|Which of the following radiographic measurements from a lateral full-length standing radiograph correlates most closely with patient-reported outcome measures after operative correction of a thoracolumbar deformity?|
- The distance from the C7 plumb line from the posterosuperior corner of the S1 endplate The measurement is called the sagittal vertical axis (SVA) (distance from the C7 plumb line to the posterosuperior corner of the S1 endplate), and it best correlates with patient-reported outcome measures in patients with thoracolumbar deformity. This distance should be <4 to 5 cm.
- The angle between the bisector point between the femoral heads and the midpoint of the S1 superior endplate and the vertical line This is the pelvic tilt. It should be <20 to 25 degrees. When it is elevated, that indicates a retroverted pelvis, which is a compensation that is made for positive sagittal imbalance. This is an inefficient compensation, and it leads to back/buttock muscle fatigue and pain with prolonged upright stance, which rapidly resolves with sitting.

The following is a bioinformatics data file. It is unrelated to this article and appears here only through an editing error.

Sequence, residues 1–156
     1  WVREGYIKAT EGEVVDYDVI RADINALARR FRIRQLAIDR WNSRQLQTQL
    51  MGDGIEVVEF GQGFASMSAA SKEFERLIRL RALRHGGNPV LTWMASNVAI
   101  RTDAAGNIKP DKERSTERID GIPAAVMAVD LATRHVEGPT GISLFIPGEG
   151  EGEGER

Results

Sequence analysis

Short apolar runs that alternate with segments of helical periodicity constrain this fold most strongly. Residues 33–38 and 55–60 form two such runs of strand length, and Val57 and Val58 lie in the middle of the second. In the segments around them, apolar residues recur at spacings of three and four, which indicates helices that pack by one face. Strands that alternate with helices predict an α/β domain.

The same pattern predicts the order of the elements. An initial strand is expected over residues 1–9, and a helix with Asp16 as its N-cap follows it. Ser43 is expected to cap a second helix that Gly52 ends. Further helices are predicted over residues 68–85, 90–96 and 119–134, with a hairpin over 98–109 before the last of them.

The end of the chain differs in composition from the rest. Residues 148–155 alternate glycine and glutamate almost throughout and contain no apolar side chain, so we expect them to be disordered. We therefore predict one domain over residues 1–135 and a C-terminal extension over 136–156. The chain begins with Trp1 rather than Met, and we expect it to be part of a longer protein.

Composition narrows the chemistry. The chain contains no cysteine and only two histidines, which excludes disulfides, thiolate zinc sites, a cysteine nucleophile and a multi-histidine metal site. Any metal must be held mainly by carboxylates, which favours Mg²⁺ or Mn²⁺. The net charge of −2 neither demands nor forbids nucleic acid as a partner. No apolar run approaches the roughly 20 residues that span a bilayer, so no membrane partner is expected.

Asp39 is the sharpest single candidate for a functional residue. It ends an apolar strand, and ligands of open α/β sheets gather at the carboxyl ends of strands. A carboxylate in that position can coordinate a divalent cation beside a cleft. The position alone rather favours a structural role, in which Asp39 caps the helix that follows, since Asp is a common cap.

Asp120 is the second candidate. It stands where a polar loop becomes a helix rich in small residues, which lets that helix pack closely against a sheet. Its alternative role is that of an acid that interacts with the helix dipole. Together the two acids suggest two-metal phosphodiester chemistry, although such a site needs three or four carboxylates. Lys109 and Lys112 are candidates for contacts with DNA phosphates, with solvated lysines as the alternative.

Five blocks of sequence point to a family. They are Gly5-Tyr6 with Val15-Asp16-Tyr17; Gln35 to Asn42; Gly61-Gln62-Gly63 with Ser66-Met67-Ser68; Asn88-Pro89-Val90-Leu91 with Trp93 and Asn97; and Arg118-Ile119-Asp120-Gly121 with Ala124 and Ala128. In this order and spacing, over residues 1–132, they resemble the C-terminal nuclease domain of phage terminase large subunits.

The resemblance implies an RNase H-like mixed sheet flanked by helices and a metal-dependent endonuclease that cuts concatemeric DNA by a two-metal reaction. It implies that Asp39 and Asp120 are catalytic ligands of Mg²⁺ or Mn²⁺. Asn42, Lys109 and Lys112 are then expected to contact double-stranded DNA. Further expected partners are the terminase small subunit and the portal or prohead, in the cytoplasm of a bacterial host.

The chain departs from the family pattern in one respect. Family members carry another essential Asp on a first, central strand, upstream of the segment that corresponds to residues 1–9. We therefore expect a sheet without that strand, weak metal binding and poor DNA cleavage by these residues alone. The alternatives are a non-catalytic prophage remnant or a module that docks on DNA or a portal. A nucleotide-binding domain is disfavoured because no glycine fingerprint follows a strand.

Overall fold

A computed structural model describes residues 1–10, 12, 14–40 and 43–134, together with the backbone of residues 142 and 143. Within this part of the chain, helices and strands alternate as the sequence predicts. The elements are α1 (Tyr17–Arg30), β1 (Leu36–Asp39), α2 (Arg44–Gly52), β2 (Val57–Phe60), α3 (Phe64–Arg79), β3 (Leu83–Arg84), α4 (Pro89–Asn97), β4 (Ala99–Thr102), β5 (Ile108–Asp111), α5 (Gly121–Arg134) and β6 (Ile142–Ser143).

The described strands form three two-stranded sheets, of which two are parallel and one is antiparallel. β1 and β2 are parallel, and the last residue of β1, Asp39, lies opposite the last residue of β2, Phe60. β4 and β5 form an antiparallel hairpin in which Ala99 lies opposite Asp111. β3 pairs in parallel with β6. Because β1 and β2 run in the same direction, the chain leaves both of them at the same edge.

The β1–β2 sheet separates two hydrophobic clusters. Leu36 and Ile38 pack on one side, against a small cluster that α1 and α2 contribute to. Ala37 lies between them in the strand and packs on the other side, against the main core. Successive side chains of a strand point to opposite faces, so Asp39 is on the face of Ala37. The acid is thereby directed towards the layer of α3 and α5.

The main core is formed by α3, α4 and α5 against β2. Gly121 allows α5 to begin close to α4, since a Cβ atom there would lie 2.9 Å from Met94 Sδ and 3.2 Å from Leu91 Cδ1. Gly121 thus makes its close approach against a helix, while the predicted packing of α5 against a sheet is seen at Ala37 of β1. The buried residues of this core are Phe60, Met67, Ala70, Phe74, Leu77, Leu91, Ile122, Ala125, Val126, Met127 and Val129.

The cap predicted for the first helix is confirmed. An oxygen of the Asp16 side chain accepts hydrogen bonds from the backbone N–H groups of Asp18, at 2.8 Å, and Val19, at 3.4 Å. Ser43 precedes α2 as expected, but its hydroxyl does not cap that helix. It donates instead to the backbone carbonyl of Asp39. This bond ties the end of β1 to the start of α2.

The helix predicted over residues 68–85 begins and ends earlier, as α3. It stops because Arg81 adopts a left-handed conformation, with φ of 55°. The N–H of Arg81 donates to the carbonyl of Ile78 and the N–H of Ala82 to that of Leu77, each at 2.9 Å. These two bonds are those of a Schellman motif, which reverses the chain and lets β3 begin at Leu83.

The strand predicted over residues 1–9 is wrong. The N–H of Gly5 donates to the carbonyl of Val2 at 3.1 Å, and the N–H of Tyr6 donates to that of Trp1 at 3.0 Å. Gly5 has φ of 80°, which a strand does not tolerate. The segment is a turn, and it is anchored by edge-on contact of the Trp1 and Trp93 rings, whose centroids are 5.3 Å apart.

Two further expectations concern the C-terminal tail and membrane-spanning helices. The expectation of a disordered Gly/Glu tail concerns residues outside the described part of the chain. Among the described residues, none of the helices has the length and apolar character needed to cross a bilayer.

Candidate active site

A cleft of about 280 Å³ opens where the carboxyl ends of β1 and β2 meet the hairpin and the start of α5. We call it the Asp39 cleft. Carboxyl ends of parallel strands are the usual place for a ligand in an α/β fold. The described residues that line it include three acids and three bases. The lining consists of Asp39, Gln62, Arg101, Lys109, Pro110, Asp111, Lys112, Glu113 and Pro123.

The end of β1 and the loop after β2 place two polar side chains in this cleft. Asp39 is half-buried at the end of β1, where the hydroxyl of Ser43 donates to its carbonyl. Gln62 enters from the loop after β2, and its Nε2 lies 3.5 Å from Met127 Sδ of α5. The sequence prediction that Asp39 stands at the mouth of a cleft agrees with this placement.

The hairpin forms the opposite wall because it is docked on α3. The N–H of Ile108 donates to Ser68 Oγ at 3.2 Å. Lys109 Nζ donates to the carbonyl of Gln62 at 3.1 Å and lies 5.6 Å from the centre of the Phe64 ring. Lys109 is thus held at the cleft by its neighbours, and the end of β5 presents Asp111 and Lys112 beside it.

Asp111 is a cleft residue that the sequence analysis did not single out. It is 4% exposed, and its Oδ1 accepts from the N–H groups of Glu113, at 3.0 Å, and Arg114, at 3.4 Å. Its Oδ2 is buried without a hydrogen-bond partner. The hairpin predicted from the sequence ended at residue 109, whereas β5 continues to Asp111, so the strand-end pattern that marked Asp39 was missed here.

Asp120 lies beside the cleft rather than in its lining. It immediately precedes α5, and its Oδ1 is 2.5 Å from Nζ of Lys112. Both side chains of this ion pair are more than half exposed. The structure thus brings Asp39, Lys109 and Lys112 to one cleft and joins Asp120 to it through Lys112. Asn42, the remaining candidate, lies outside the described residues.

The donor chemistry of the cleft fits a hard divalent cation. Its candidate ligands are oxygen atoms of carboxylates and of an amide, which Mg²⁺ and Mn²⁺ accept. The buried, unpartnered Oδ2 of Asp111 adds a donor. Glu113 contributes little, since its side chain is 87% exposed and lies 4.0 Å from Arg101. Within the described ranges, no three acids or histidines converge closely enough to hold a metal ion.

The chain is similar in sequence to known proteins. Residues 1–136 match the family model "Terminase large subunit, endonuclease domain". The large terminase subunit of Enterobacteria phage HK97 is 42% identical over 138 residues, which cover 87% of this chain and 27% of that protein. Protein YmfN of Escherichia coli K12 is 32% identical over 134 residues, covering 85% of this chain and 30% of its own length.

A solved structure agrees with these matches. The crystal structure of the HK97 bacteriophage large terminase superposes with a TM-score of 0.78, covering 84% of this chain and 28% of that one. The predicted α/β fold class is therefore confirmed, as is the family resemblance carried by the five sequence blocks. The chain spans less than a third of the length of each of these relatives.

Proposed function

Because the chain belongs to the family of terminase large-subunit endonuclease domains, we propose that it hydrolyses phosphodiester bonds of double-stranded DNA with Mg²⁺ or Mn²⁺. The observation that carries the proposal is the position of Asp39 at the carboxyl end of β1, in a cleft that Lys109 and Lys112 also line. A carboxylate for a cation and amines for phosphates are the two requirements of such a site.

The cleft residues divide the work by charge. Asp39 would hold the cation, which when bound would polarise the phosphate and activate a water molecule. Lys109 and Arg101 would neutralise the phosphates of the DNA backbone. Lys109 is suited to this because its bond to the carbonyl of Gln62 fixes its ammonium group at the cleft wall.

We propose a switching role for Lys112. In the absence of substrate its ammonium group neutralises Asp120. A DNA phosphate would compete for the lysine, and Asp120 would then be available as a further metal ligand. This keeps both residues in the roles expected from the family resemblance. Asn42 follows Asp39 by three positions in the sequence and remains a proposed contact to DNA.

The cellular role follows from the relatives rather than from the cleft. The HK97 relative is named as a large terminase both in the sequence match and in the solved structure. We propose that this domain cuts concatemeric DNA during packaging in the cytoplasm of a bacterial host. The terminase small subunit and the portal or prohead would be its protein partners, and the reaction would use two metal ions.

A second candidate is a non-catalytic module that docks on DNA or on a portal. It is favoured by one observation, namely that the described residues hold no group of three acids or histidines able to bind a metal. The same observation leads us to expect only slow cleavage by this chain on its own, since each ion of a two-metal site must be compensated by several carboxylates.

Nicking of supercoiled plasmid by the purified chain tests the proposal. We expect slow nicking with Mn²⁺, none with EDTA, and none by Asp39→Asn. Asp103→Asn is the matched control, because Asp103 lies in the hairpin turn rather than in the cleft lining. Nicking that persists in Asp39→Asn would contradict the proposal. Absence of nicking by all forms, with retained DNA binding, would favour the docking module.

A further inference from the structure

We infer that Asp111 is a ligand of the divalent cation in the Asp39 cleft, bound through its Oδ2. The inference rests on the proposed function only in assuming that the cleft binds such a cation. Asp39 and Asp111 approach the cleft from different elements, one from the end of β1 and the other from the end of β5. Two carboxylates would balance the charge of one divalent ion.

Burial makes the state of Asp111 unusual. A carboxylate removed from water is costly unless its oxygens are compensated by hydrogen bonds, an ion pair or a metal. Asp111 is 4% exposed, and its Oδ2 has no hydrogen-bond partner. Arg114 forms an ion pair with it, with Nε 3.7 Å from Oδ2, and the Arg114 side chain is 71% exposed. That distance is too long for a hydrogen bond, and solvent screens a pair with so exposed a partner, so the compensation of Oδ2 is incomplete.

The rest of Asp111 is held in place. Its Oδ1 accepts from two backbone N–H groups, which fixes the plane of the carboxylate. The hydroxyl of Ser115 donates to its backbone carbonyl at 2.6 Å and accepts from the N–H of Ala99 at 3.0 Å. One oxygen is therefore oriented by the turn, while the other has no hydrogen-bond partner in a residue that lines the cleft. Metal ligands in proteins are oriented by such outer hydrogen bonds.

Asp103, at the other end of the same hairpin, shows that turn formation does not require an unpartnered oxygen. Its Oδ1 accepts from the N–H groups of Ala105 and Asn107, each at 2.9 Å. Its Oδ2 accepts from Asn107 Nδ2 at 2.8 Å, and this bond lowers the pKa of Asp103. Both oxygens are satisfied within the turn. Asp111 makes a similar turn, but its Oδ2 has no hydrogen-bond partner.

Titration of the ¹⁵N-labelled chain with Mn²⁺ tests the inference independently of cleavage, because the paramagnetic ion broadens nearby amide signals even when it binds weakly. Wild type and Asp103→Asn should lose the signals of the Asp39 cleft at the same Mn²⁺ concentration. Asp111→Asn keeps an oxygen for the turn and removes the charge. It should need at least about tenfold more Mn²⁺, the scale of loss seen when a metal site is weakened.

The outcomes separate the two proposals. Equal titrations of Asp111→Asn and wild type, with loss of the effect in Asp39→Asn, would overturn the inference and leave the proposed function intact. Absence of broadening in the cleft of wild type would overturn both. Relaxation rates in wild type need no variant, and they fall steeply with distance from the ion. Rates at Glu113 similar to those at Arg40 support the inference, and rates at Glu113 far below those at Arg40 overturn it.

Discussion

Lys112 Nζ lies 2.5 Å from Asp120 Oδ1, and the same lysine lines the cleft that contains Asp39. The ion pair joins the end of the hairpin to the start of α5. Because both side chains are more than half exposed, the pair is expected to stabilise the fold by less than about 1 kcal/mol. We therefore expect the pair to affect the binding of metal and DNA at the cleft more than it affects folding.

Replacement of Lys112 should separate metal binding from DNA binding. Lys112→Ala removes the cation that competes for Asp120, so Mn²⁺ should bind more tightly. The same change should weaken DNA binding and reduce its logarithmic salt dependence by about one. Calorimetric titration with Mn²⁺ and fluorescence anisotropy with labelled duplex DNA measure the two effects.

- The angle between the line along the superior endplate of S1 and the horizontal line This is the sacral slope and it is not specifically correlated to outcomes.
- The difference between the lumbar lordosis and pelvic tilt This is not a measurement used to define sagittal parameters or outcomes. The measurement used is pelvic incidence (PI) – lumbar lordosis (LL) = <9 to 10 degrees. PI is not pelvic tilt. PI is the angle between line drawn from the center of the femoral head to the midpoint of the S1 superior endplate and a line perpendicular to the S1 superior endplate on a lateral radiograph. Pelvic mismatch is the second most impactful sagittal parameter on clinical outcome in patients with sagittal imbalance. The first is the sagittal vertical axis (SVA).